push!(m::MyVector{N}, x) where N =
    MyVector(SizedVector{N+1}(push!(m.v.data, x)), N+1)

The SizedVector type is protected from resizing by its implementation.

EDIT: Of course this is a bit absurd. You would probably also have an inner constructor and probably not have n as a field at all…

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You are right there is not yet immutable arrays in Base. See WIP: ImmutableArrays (using EA in Base) by ianatol · Pull Request #44381 · JuliaLang/julia · GitHub. There was some hope it would be in Julia 1.8, but it’s been pushed. Hopefully in 1.9 or 1.10, so sometime in 2022.

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This immutable array business is quite tantalizing, but also a bit mysterious. It could be good for parallelism, automatic differentiation, safety, ‘reasoning about’ stuff, etc. as far as I’ve heard.

But how does it actually work? How can it be efficient, and how could it impact the Julia ecosystem? Has anyone mused about any of these questions anywhere?

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I sincerely would go the completely opposite direction and do not have the other fields, instead they are computed on the fly from the vector and cannot ever disagree with it, but maybe this only works for the toy example.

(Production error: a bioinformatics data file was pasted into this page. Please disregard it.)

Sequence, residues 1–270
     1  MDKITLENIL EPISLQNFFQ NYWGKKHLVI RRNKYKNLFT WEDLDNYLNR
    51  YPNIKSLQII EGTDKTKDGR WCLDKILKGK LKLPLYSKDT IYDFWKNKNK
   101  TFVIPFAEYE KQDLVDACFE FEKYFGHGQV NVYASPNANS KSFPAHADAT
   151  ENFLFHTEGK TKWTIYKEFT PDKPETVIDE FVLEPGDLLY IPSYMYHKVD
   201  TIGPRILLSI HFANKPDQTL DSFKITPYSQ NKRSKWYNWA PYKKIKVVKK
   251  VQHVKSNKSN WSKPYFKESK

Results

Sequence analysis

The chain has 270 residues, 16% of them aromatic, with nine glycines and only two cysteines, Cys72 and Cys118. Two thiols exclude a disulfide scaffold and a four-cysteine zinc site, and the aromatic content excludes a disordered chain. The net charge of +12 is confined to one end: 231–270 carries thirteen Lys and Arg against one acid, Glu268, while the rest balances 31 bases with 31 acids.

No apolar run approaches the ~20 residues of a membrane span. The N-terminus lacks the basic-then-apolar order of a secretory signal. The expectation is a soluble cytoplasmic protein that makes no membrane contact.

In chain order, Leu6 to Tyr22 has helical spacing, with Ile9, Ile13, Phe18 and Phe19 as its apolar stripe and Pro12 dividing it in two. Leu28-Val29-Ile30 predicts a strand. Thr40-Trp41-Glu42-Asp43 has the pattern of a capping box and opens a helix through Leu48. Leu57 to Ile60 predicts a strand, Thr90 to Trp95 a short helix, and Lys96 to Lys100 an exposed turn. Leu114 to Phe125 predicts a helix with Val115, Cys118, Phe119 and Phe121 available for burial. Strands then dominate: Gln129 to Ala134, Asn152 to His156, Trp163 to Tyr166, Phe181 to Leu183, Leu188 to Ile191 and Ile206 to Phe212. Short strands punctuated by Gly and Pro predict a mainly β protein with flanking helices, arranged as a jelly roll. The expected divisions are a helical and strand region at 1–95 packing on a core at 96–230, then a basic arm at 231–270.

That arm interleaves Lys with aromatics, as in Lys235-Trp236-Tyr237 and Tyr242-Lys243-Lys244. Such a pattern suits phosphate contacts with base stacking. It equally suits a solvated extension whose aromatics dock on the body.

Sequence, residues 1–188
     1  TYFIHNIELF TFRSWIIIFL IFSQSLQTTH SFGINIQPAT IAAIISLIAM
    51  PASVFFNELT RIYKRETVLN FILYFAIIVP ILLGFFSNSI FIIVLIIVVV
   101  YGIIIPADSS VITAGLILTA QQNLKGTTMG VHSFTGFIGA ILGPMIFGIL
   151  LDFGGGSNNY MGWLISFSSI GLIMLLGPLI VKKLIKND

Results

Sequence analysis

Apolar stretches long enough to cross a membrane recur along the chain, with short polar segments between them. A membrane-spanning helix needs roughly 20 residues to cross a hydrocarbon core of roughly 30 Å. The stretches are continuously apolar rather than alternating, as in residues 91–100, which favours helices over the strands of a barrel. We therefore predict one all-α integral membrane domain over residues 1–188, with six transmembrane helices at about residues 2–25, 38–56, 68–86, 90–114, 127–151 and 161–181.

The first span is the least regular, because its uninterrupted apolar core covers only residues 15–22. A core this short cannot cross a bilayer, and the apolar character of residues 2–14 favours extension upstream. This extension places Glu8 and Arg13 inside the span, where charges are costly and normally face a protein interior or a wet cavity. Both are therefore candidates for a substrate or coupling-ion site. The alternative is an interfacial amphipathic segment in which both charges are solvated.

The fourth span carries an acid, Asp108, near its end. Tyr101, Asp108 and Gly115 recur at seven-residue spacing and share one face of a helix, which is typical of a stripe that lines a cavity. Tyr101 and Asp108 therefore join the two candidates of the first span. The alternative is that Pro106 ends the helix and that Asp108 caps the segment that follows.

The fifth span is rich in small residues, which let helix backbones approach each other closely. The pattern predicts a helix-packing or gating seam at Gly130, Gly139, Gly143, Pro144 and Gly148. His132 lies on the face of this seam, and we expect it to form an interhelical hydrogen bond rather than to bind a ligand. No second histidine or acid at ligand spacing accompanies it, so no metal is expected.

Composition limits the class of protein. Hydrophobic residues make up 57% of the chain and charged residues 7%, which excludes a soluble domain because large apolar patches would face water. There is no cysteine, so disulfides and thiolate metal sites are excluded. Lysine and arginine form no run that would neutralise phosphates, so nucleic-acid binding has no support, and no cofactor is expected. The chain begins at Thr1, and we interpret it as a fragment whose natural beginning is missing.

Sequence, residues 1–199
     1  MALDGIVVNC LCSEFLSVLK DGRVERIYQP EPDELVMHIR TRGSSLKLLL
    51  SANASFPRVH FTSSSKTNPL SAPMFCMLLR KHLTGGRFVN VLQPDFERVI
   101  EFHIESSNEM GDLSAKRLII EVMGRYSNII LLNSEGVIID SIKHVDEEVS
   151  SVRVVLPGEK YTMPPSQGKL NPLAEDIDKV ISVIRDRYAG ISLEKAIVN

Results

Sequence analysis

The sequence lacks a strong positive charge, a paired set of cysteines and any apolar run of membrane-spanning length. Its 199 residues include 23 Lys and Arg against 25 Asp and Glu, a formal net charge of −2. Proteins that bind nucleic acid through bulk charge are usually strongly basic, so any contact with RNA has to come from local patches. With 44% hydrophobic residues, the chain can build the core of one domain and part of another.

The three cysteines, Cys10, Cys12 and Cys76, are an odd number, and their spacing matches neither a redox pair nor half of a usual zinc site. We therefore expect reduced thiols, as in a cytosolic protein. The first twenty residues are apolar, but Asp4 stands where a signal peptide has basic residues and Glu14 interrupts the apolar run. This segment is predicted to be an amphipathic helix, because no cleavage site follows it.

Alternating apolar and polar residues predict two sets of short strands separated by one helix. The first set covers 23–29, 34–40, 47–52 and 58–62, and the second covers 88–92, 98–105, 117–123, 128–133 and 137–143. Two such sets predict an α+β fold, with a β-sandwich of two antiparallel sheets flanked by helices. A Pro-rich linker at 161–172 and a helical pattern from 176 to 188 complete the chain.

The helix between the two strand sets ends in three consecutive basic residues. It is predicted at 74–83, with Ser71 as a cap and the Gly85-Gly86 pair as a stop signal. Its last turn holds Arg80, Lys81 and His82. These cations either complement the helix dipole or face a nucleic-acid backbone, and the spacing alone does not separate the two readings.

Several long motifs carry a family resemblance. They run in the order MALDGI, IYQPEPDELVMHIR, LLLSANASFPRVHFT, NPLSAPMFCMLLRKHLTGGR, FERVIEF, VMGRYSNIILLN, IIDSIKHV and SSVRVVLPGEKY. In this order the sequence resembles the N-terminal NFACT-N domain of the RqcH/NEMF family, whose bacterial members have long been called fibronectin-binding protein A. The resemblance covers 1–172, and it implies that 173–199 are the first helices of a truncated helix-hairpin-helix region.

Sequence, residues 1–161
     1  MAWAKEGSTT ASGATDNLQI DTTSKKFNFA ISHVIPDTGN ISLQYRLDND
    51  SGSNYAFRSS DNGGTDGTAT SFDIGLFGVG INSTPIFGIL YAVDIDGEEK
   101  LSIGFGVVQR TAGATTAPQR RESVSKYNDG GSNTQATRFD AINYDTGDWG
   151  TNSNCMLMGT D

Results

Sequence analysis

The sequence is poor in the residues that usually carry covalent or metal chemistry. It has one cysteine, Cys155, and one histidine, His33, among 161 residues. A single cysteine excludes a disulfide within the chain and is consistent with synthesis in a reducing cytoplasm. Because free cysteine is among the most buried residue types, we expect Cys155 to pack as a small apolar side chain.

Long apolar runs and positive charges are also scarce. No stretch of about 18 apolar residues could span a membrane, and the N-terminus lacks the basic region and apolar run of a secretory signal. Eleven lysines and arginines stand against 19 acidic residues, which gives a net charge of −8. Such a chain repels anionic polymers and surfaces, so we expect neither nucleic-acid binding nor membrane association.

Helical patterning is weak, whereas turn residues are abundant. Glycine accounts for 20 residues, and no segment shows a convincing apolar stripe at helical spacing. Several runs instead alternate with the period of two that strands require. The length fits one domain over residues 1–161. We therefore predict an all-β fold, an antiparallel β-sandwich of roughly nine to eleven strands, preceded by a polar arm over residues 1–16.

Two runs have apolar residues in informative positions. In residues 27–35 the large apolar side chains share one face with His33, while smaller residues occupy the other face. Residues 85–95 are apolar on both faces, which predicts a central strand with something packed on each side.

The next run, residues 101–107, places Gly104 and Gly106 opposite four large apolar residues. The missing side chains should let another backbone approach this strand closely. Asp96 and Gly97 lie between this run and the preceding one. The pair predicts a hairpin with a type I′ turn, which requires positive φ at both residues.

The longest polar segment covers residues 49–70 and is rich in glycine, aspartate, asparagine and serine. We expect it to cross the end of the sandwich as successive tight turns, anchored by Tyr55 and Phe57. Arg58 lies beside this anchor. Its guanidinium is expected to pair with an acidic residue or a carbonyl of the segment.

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My 2 cents: you can’t have it all (i.e. allowing access to internal data and keeping consistency).

If you’re not keen on compiling per vector size, then you need your wrapper to hold a pointer to something on the heap. For pointing to an immutable vector of variable size, you could annotate v with an abstract type like v::NTuple{N, Int} where N or v::SVector{N,Int} where N (from StaticArrays.jl).

If keeping the length the same is all you really need, you could also make v a Nx1 Matrix. That’ll get around the push!/insert!/deleteat!/pop! methods for AbstractVector.

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Thanks for all the suggestions! I think that, until we have ImmutableArrays, I will follow what I feel is the standard Julian approach, i.e. to put an emphasis on performance, and place on the user the responsibility of not messing with object properties in undocumented ways. Computing (instead of storing) the invariants is not an option in my case. And as @pfitzseb mentioned, any attempt at ensuring consistency is never going to be bulletproof without explicit language support.